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Real estate purchase agreement, explained

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    In real estate, a purchase agreement means you’re officially under contract on a home. Once the agreement is signed, the house is under contract and both parties (the buyer and seller) are committed to moving forward with the sale. It also means that both parties, the buyers and the seller, agree to the terms of the contract under which they’ll be operating as the sale is completed.

    What is a purchase agreement?

    The real estate purchase agreement is constructed by a real estate agent and/or lawyer on behalf of the buyer and seller, and it solidifies the terms and conditions of the exchange. A third party, typically the buyer’s real estate agent and attorney, will help make sure any negotiations are hammered out and captured, so both parties are operating under the same conditions going forward. This becomes the purchase agreement contract that the buyer and seller both sign before moving forward with the transaction.

    The content of a real estate purchase contract

    We know that a purchase agreement spells out the terms and conditions of a real estate exchange, but what exactly is in them? Here are some common examples of what’s typically covered in a home purchase agreement:

    • Information about the buyer and seller: This includes names, contact information and anything else each party deems necessary to include.
    • Purchase price: In short, the monetary value both parties have agreed upon for the purchase.
    • Asset identification: Outlines information about the property, specifically regarding location and property descriptors.
    • Insurance: This section lists out some insurance requirements necessary to the transaction.
    • Financing: This includes details regarding the buyer’s mortgage or other way they plan on financing the purchase, earnest money and any other deposits.
    • Contingencies: These are the key conditions that must be met before the purchase can officially go through.
    • Inspections and due diligence: This section will typically outline the due diligence performed on behalf of both parties regarding the condition of the asset.
    • Taxes: In this section, you’ll typically find information regarding property taxes.
    • Important dates: These include the closing date and any other milestones of note.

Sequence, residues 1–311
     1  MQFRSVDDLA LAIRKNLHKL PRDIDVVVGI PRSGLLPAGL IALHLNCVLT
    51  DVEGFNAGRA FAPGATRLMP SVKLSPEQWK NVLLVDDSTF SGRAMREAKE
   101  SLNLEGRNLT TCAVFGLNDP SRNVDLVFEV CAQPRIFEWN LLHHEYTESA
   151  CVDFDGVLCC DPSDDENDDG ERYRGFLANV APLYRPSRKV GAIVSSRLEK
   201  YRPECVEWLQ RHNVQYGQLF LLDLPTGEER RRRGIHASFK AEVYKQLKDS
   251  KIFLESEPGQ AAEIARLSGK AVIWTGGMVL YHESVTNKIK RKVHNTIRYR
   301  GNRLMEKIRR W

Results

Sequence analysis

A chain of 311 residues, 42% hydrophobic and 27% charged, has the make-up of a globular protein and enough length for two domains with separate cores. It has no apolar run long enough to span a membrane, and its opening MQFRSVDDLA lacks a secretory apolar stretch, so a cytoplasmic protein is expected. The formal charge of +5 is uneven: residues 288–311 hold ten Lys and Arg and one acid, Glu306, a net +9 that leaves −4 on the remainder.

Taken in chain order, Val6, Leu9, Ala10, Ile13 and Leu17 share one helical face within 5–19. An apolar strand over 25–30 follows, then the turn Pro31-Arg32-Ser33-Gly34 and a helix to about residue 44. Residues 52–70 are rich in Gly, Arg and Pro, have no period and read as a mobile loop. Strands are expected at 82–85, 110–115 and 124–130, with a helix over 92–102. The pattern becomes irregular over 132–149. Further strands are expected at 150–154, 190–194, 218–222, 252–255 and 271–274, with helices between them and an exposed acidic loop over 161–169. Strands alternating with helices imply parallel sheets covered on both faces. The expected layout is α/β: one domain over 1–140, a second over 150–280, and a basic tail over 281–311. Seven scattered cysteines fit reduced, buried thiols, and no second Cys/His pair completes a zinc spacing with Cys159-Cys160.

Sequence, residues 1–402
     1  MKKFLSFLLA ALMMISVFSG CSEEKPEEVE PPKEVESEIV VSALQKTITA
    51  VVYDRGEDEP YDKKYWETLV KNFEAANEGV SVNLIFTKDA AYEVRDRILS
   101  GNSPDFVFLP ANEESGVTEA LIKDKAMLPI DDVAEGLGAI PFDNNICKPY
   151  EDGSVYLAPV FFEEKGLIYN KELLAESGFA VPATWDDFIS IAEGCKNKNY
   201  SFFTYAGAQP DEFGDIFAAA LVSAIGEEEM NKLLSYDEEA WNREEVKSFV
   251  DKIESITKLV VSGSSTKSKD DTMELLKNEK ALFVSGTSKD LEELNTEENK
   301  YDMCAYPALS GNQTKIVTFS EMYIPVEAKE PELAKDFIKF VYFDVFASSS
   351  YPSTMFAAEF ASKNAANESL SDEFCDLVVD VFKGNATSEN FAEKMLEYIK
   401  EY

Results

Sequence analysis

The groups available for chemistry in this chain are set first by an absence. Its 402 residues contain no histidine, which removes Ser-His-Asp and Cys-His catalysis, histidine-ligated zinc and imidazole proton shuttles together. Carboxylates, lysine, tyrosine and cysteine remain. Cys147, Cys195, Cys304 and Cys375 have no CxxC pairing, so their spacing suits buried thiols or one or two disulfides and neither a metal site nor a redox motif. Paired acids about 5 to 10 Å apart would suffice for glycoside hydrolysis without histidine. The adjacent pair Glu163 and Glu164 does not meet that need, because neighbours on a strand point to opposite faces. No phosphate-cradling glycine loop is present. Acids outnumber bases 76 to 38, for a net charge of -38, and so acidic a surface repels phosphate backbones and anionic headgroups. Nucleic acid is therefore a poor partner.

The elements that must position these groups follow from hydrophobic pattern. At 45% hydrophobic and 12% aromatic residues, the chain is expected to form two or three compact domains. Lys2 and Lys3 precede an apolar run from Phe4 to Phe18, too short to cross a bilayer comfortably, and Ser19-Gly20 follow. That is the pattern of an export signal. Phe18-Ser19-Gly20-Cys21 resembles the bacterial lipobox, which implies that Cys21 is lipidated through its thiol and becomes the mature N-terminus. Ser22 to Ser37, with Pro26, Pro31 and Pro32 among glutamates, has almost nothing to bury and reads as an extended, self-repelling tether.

• Interested party contributions (IPCs): These are costs that normally would fall on the buyer but are paid by someone else, either directly or indirectly, specifically by someone who has a financial stake in the property. 

    You’ll likely see other details about the property, such as its size, fixtures, inspection details and more, in a purchase agreement, as well as areas for signatures.

    What happens after you sign a purchase agreement?

    Once signed, the purchase agreement is legally binding, meaning both parties are expected to move forward under the terms of the agreement. Keep in mind, this doesn’t mean the sale is complete, the purchase agreement is simply the framework for the exchange. For example, the homeowner can’t attempt to increase the sale price once the contract is signed. Both the buyer and the seller are expected to take the necessary next steps toward a successful real estate transaction.

    Can a buyer back out of a purchase agreement?

    Although a real estate purchase agreement is legally binding, it’s valid within the terms put in place. If the purchase agreement has contingencies that ultimately aren’t met, that may leave grounds for the buyer to back out or renegotiate the terms. For example, if a mortgage contingency states the buyer only moves forward with the sale if they secure financing, and the buyer is ultimately not able to get a loan, then they may be allowed to back out of the purchase. If the buyer backs out and the reason isn’t covered by the purchase agreement, then the seller is often entitled compensation that covers the loss of their time and effort spent on a purchase that didn’t go through. In this case, the seller may get the buyer’s earnest money, which is a payment made at the beginning of the transaction on behalf of the buyer that essentially signifies the buyer’s commitment to purchasing the home and essentially put the home on “hold.”

    Can a seller back out of a purchase agreement?

    Although it isn’t common, a seller can back out of a purchase agreement if it includes an option to terminate, or if certain contingencies aren’t met. If the reason they want to back out isn’t written in the contract, then they may be required to pay monetary losses (like the cost of the buyer’s appraisal or home inspection) and be subject to other potential legal consequences.

    In summary

    A real estate purchase agreement is a legally binding document written by a third party on behalf of the buyer and seller that sets the framework for a real estate transaction. If either party breaches contract, then they are subject to monetary losses and potential legal action. Overall, the purchase agreement means the parties are in contract, and it helps ensure a successful real estate transaction.

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